The Linux Foundation today announced that it has a new big-name member: Twitter.Twitter is a big user of Linux. So the real-time information network has stepped up to become an official, paying sponsor of the organisation that oversees Linux.
It’s a Silver member, paying $15,000 a year to support the Foundation, which covers things like the salary of Linux inventor Linus Torvalds.
You don’t need to be a sponsor to use Linux or to submit software additions to it—that’s the beauty of open-source software, which many startups have come to depend on.
But becoming an official Linux sponsor gives a company a couple of benefits. Sponsors get a bigger say in the kinds of technologies that will be included in Linux and which other projects the Linux Foundation works on.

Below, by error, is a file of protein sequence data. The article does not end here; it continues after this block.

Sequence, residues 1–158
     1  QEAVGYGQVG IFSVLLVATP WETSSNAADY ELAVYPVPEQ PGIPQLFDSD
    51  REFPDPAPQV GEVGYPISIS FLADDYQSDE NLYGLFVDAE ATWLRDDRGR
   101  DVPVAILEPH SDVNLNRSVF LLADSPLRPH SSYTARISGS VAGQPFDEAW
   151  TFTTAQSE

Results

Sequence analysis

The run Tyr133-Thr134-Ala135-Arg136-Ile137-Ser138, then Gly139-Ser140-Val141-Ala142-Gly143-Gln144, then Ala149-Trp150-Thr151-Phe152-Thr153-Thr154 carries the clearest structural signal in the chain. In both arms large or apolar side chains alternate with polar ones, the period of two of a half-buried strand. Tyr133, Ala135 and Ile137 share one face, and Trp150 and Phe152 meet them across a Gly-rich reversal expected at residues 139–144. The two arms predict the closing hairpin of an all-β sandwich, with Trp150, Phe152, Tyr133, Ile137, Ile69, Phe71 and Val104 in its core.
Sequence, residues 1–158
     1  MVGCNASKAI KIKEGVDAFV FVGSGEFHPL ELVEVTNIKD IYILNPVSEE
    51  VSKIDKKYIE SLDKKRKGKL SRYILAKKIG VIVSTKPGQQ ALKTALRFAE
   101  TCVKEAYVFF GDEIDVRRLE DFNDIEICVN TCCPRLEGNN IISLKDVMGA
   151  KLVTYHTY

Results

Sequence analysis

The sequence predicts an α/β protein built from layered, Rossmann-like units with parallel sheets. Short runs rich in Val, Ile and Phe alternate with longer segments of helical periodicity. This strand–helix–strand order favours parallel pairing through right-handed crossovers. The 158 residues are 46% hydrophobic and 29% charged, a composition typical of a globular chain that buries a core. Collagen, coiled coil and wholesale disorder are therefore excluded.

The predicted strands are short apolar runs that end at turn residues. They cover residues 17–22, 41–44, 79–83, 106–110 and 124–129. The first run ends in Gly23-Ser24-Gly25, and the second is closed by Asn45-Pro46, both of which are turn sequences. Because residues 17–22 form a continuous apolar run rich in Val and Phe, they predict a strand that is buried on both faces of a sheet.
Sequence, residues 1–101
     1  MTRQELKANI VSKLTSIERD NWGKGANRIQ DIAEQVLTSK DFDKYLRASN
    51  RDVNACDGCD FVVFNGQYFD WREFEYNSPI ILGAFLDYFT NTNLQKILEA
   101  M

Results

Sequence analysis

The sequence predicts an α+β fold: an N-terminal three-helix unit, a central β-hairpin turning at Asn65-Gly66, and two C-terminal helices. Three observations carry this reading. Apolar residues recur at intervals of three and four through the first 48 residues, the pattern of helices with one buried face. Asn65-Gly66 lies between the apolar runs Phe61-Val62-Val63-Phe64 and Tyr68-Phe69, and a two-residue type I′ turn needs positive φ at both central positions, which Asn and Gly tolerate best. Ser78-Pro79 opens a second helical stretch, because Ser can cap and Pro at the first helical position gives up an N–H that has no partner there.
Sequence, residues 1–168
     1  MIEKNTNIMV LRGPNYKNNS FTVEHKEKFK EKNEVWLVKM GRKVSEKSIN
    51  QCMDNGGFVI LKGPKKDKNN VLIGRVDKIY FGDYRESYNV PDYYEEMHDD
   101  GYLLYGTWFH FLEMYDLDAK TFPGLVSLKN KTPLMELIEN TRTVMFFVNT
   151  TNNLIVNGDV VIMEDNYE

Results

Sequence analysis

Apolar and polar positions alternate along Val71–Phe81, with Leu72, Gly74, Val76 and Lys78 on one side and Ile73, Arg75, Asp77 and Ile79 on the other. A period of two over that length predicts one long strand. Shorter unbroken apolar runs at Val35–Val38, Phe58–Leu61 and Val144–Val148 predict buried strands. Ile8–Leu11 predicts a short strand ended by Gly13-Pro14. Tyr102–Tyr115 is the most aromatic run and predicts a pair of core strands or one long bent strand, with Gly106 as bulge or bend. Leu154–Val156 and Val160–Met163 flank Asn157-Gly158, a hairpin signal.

For Twitter, whose servers are supporting 140 million active users and 400 million tweets a day, there’s a long list of things they’ll want built into Linux. While Twitter can add those things to Linux itself, by joining the foundation it taps into a network of thousands of Linux developers willing to help.
Being a paying sponsor also has another, less tangible benefit. It gives a company some street cred with developers. Many open-source developers feel very strongly about corporations that use open-source projects being good citizens and contributing both code and money.
The move may please one set of developers. But for others, the concern isn’t about Twitter’s longstanding support of open source. It’s how Twitter treats developers who use its platform to build apps. One such developer, Dalton Caldwell accused Twitter and Facebook of hurting developers in their pursuit of ad revenue. He then went out and raised crowdsourcing money to launch a competitor.
The Linux Foundation is hosting its big LinuxCon event next week in San Diego. Twitter’s open-source manager, Chris Aniszczyk, is scheduled to be a keynote speaker. So the timing more likely has to do with the event, and not the unrelated fuss over Twitter’s platform policies.